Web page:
In Focus

Wembley Euro 2020 final disorder ‘seals the deal’ for 2030 World Cup bid hopes

England handed one-match stadium ban and an £84,560 fine by Uefa

European football’s governing body Uefa has punished England and the Football Association for the scenes inside and outside Wembley Stadium at the Euro 2020 final.  

England have been ordered to play one match behind closed doors, with a second game suspended for two years, for the “lack of order and discipline inside and around the stadium”. The one-match ban in question applies only to Uefa competitions, not World Cup qualifiers, and will be in place for England’s next Uefa Nations League game in June 2022.

When the Three Lions faced Italy in the Euro final on 11 July there were “serious disturbances” at Wembley as ticketless fans “fought with stewards and police officers and forced their way into the stadium”, Sky Sports said. 

The FA was also fined €100,000 (£84,560) for the “invasion of the field of play, for throwing of objects and for the disturbances during the national anthems”. The ban is the first time the FA has received a punishment that has resulted in England having to play a home match behind closed doors, the BBC reported.

Even before Wembley was stormed by hundreds of ticketless fans “the approach to the stadium resembled a war zone”, The Guardian said. An Italian fan described walking along Wembley Way as “one of the worst experiences of the night” and it “looked like a battleground: trash everywhere, trees being pulled and England fans forcing their way up stairs to the stadium and causing crushes”. The Metropolitan Police made 51 arrests connected to the final, with 26 of those made at Wembley.

In response to the ruling, an FA spokesperson said “although we are disappointed with the verdict, we acknowledge the outcome of this Uefa decision”.

The final finished 1-1 after extra time but England suffered heartbreak as the Italians triumphed in the shoot-out, winning 3-2 on penalties. 

‘A dreadful experience’

Regardless of the result on 11 July, the country should have been celebrating Gareth Southgate’s side reaching a major final for the first time in 55 years and England hosting its biggest sporting event since that day in 1966. However, the aftermath of the final was overshadowed by online racial abuse of England trio Marcus Rashford, Jadon Sancho and Bukayo Saka, who missed penalties, and the behaviour of fans before, and after, the match.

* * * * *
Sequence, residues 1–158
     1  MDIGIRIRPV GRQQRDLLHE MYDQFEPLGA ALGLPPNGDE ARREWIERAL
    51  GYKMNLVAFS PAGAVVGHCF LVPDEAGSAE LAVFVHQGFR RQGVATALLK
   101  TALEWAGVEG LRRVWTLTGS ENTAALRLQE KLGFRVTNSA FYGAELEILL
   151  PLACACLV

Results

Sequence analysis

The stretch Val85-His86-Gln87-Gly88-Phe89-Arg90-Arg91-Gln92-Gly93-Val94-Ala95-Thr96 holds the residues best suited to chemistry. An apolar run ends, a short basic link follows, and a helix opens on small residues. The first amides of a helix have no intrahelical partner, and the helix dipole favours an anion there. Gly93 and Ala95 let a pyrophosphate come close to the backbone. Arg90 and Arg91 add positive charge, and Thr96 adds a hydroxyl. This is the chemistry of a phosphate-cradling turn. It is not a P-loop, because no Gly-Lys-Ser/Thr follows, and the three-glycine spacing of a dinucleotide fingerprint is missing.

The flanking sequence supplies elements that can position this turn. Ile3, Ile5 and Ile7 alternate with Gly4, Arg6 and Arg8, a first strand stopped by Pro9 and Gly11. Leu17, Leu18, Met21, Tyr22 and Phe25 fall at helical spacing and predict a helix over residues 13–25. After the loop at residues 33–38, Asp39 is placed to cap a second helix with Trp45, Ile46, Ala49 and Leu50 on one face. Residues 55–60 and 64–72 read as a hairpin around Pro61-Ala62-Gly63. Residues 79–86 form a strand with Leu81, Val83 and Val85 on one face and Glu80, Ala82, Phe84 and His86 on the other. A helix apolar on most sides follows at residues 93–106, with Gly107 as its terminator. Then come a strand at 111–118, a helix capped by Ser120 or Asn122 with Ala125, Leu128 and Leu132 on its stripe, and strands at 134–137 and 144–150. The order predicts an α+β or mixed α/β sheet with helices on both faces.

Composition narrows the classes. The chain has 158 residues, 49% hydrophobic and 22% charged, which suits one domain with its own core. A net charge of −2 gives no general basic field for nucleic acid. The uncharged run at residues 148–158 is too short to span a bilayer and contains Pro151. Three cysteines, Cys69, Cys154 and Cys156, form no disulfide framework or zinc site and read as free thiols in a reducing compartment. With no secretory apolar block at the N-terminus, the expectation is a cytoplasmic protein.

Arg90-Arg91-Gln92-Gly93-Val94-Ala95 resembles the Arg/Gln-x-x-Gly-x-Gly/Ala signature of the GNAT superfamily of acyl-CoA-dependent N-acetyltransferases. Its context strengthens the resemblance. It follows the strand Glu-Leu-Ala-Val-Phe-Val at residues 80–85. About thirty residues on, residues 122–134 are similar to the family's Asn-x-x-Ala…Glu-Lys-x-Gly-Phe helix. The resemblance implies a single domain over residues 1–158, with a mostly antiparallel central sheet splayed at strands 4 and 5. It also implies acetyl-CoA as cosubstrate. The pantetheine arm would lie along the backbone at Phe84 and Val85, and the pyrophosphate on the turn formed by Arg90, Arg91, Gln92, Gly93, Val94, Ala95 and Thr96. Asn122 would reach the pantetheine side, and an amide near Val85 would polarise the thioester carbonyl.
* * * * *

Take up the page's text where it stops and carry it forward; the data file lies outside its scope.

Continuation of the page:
Phil McNulty, BBC Sport’s chief football writer, described the scenes at Wembley as “disorganised, shameful shambles” and said the FA was “never going to escape punishment”. He added: “It was a dreadful experience and it was inevitable that the FA would pay a price.” 

This is a “disgraceful and shameful incident” for English football, said The Telegraph’s Jason Burt. “The world was watching and this is what they saw,” he added. “It was humiliating for English football, for England as a country, which so often attempts to take the moral high ground over other nations and then appears surprised when it is not popular.”

Wembley chaos ends bid hopes

The ugly scenes at Wembley raised “serious questions” about the English FA’s ability to host the Fifa World Cup in 2030, which it is considering bidding for with the other Home Nations and Ireland, Sky Sports reported. July’s final was seen by many as an “audition” for the World Cup, but it was an audition that Britain failed, the London Evening Standard said at the time.

Julian Knight MP, chair of the Department for Digital, Culture, Media and Sport (DCMS) select committee, believes England shouldn’t waste any time or money trying to host the 2030 World Cup and that the FA should count themselves lucky the sanction was not more severe.

“I didn’t have hopes for our World Cup bid due to, frankly, our poor standing in the world game in terms of our reputation and our relationships with governing bodies, and this dates right back to the shambles that was the previous World Cup bid,” Knight said in an interview with talkSPORT’s Jim White. “I think this seals the deal on that. I think it’s the icing on the cake as far as the perceptions of ourselves as having difficulties, having problems.”


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